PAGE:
Additionally, tarping charges for open-deck freight that requires protection from elements like snow and wind typically see a bump in January. As you can imagine, throwing and securing heavy tarps is difficult for drivers, even in the best conditions. 

Winter weather across northern portions of the United States makes this more uncomfortable and challenging for truckers — increasing tarping charges in some instances. 

To avoid unnecessary price hikes, consider designating a sheltered area for truck drivers to throw their tarps or, better yet, help them do so. In colder climates, the easier you can make it for drivers to service your freight, the better off you’ll be in January. 

Related: 5 Tactics For Avoiding Transportation Delays This Winter

What Happens With Reefer Transportation in January?

January 1 marks the end of a significant busy-stint in the world of temperature-controlled shipping. Beginning in November and continuing through the holiday season, increased food consumption ties up reefer trailers throughout the nation. 

From Thanksgiving turkeys and fresh produce to Northwestern Christmas trees and frozen meats, readying temperature-controlled commodities for purchase takes significant effort from reefer truckers far and wide. This usually slows down in January

Back to their roots once more, refrigerated trucking companies and their drivers return to lanes they’re used to serving in the new year.

And, as winter continues to creep into northern households, the demand for “protect from freeze” services in these areas will increase. If you’re a shipper with reefer products to move, make sure to prioritize lead time in January and pre-cool your goods. 

Doing so will help your transportation provider find you a viable solution and cut down the costs associated with running the cooling unit on your reefer.

How Does Over-Dimensional Shipping Change in January? 

When winter weather makes the roads difficult to navigate — be it due to icy conditions, poor visibility or snowfall concerns — over-dimensional freight is the first to be restricted. 

Even in the best circumstances moving heavy haul and oversized goods is a process riddled with intricacies.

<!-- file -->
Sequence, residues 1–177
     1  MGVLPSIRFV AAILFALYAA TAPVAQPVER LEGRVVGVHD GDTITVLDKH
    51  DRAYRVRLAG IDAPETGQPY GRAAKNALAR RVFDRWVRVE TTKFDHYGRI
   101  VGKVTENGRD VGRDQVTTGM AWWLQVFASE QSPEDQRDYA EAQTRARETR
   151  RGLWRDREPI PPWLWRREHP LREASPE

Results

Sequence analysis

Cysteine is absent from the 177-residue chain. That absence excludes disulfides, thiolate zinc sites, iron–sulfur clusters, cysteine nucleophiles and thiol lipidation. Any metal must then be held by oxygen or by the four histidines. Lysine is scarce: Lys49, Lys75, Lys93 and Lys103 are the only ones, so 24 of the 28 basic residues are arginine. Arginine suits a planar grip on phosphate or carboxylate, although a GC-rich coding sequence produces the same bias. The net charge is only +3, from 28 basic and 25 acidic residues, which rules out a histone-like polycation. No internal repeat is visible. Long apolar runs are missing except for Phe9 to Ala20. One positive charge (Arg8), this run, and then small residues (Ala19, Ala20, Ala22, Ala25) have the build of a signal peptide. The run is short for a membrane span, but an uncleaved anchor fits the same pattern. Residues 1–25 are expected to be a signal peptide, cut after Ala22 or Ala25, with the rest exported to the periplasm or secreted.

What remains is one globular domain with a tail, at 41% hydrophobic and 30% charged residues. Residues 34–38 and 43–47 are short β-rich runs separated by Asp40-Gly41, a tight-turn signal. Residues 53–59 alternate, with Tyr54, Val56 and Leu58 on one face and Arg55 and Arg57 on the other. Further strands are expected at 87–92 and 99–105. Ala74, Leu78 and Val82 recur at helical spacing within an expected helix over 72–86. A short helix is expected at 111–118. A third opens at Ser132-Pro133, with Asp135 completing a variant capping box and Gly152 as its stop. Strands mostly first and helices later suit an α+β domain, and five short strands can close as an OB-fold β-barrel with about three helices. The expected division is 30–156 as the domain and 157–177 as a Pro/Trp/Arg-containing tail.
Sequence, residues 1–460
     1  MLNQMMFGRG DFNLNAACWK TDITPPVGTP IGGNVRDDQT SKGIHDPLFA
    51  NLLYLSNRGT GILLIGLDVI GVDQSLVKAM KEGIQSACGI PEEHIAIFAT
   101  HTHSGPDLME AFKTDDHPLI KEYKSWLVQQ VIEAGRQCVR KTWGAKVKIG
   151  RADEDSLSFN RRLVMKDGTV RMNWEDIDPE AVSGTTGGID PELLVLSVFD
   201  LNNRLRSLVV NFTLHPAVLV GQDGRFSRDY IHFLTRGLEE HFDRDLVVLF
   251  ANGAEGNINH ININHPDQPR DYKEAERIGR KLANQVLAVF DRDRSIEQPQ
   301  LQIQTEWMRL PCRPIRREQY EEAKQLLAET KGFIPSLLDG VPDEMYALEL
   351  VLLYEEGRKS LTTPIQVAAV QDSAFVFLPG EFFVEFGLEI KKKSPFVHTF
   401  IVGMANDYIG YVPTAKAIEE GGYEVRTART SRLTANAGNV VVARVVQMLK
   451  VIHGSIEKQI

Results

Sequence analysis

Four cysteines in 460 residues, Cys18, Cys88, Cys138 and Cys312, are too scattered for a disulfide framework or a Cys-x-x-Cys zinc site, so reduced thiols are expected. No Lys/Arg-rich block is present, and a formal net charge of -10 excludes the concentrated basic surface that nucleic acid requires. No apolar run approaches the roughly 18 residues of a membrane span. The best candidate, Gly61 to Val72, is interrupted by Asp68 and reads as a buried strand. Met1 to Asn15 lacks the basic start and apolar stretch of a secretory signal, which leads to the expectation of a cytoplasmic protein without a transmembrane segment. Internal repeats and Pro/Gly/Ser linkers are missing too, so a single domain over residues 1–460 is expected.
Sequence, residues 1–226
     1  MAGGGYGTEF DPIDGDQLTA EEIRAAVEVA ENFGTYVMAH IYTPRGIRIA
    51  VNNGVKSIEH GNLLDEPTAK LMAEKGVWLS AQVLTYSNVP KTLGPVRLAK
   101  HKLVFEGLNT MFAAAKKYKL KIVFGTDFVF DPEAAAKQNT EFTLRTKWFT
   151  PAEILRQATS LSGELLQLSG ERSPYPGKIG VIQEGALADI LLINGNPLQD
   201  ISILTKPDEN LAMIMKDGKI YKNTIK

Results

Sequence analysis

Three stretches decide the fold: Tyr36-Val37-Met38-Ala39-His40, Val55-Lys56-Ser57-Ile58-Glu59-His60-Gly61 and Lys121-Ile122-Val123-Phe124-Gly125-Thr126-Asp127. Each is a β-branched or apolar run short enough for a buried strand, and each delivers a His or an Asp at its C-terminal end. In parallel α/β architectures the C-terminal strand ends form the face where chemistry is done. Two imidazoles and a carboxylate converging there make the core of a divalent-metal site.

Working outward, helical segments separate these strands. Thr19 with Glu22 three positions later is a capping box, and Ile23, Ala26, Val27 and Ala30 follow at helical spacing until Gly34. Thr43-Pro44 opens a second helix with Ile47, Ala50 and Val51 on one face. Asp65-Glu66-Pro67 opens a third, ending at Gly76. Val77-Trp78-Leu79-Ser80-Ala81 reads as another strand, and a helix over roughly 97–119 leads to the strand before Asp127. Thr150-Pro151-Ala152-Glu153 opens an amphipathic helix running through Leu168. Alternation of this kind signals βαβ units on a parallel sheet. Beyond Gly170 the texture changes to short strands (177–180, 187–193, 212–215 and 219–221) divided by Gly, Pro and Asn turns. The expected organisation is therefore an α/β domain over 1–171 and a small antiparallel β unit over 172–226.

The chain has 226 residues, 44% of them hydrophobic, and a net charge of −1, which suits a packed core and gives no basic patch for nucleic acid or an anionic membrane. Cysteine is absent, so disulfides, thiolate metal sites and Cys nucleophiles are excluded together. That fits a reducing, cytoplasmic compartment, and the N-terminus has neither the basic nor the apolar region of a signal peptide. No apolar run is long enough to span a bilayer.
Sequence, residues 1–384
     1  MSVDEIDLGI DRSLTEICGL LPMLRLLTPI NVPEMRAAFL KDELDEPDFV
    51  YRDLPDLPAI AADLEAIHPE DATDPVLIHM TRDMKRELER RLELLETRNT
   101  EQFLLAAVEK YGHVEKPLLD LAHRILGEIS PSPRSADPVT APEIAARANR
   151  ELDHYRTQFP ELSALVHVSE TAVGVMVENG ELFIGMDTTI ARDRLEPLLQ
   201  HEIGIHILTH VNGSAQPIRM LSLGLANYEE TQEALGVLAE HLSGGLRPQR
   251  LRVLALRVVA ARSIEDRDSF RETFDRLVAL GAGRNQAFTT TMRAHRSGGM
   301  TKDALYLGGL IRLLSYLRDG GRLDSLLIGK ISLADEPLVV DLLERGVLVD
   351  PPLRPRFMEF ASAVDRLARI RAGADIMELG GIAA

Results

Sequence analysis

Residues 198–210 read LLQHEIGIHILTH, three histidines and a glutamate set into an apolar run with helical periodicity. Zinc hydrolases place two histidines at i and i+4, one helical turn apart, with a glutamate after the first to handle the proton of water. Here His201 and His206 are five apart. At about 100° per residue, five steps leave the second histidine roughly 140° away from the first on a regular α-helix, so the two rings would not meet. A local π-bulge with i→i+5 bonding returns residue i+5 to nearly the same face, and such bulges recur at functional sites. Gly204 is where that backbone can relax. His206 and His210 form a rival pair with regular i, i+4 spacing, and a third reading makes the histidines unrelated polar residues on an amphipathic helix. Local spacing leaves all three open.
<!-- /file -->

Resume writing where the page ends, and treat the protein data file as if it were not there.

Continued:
For this reason, and due to the fact that many construction projects stall during winter, the transportation of overly large goods happens at a relaxed rate in January. 

Oversized-freight-shipment-truck-stopAnd, although frost laws don’t take effect until the end of February, this month might slow your supply chain when moving these cargos. 

Should you need to move oversized goods this month, be sure to plan ahead. Communicate with consignees and providers to match your timelines to their needs and capabilities. 

Related: How to Get Oversized Load Permits For Your Freight (3 Easy Steps)

How to Plan for January in the Transportation Industry

No matter what time of year it is, planning is crucial to the success of any transportation supply chain. As the weather changes and the days begin to lengthen once more, you’ll want to be prepared over the coming weeks.

To the best of your ability, try and plan around Martin Luther King Jr. Day (Jan. 17) and New Years Day. Both of these national holidays halt the movement of trucks and the operations of many companies. You won’t want to pay the price-hikes associated with asking a driver to sit on your load for longer than necessary. 

Related: Moving Freight Around a Holiday: 3 Critical Planning Tips

Additionally, at the conclusion of every month, companies across our nation take steps to redistribute inventories, positioning them for the next segment of the year. 

Doing this effectively in January requires flexible appointment scheduling and thorough communication. 

You’ll want to prioritize these things in your own supply chain as well.

As the ball drops and the next year kicks off with a bang, make sure to:

1. Give Your Provider Flexibility On The Pick Up Side   

January’s weather and the progressive pace increase as trucking companies get back into the swing of things can make it difficult for carriers to meet rigid requirements.